Politics & Government

Conservative black leaders protest Planned Parenthood’s new Charlotte clinic

Pro-life protest grows outside Charlotte abortion clinic

Charlotte's busiest abortion clinic has been the site of ongoing protests for several years. Now, two Christian-based pro-life groups have been given permission to use the vacant property next door for speakers and gathering.
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Charlotte's busiest abortion clinic has been the site of ongoing protests for several years. Now, two Christian-based pro-life groups have been given permission to use the vacant property next door for speakers and gathering.

More than three-dozen black women on Monday protested next month’s opening of a Planned Parenthood clinic in Charlotte, invoking terms such as genocide to describe the impact of abortion on African-Americans.

Planned Parenthood announced plans to open a clinic near uptown in June. The clinic on Torrence Street, just off Kings Drive, will allow the group to provide abortion services in Charlotte for the first time in decades.

“We cannot sit idly by and allow this genocide to take place under our noses,” Pam Wooden of Raleigh said at a news conference outside the government center.

The press conference drew speakers from as far as Georgia. It was organized by the conservative Frederick Douglass Foundation.

Planned Parenthood’s new clinic is just one of the latest flashpoints in the fight over abortion rights.

North Carolina lawmakers plan to try to override Gov. Roy Cooper’s veto of a controversial bill that details a doctor’s responsibilities if an attempted abortion results in a live birth. Cooper said the measure addresses a problem that doesn’t exist.

And a handful of states, including Missouri, Alabama and Georgia, recently have adopted strict new laws designed to restrict abortions.

Paige Johnson, a vice president of Planned Parenthood South Atlantic, defended the new clinic against protesters.

“These protests are designed to shame the patients who seek basic health care services from Planned Parenthood and to intimidate the health care professionals who work here,” she said in a statement. “Women should be able to get health care without fear of violence, harassment, or intimidation.”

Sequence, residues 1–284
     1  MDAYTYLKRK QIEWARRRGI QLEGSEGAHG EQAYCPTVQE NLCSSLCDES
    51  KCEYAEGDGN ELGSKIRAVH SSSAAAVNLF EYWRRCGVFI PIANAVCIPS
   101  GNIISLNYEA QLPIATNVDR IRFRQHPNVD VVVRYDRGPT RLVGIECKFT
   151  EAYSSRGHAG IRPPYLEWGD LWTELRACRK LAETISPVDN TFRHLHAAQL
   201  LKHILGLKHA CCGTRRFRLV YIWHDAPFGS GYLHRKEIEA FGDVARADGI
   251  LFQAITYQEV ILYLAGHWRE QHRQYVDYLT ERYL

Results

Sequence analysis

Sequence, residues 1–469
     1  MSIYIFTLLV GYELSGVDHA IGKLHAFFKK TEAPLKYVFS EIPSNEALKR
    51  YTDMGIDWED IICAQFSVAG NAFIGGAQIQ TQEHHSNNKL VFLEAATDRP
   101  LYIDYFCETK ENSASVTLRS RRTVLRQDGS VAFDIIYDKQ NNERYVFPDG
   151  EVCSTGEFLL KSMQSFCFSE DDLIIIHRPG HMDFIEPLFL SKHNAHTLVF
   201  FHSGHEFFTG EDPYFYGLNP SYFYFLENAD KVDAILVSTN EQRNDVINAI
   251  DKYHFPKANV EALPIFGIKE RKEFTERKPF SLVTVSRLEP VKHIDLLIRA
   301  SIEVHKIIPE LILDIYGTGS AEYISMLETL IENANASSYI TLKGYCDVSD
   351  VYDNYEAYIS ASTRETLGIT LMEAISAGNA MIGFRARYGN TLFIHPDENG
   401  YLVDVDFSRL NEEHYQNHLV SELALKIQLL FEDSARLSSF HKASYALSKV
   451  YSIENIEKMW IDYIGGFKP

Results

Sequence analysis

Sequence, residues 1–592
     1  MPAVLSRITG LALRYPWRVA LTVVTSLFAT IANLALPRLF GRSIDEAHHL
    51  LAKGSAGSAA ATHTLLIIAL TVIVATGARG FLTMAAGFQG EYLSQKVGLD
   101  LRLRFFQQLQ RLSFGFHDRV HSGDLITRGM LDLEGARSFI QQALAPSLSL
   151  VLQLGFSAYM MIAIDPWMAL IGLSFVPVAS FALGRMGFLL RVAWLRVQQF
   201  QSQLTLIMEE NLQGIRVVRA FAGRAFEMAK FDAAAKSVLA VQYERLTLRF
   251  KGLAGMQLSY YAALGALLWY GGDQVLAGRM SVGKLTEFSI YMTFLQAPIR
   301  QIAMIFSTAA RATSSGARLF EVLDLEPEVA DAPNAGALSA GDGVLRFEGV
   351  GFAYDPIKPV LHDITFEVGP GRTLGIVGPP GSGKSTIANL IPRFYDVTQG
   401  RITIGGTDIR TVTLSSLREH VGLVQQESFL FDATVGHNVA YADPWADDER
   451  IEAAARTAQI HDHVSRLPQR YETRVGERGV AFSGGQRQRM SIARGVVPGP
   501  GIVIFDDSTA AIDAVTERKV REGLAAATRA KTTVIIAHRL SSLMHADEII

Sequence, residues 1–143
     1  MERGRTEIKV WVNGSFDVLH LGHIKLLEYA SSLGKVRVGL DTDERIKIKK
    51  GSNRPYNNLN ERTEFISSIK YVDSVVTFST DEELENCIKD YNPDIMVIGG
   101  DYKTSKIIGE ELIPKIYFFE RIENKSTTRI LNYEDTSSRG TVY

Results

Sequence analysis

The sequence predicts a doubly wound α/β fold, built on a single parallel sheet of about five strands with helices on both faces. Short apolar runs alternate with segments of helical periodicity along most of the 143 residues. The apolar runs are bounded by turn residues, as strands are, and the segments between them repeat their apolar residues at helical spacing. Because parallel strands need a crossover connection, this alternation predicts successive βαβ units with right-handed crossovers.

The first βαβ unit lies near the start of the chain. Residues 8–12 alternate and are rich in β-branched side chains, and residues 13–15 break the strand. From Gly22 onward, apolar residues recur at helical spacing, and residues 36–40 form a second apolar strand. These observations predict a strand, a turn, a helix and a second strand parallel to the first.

A private abortion clinic in east Charlotte has been the scene of protests for over a decade from activists who’ve called it “an abortion mill” and hope to change the minds of women who go there.

Several of the women at Monday’s protest cited the impact of abortions on black women. Some claimed black women are “targeted” by Planned Parenthood.

“If we have a problem in our communities with unplanned pregnancies the solution is not to murder our babies,” said Marilyn Gool of Charlotte’s Victory Christian Center.

According to the Center for Disease Control and Prevention, non-Hispanic white women had an abortion rate of 6.8 abortions per 1,000 women (aged 15–44) in 2015 while black women had a rate of 25.1 abortions per 1,000 women.

A Planned Parenthood spokesperson has said that more than 3,300 women in Mecklenburg County and another 4,700 from surrounding counties need abortion services every year. Forty-five percent of patients lack health insurance.

Planned Parenthood officials say the Kings Drive location was chosen for its accessibility and security.

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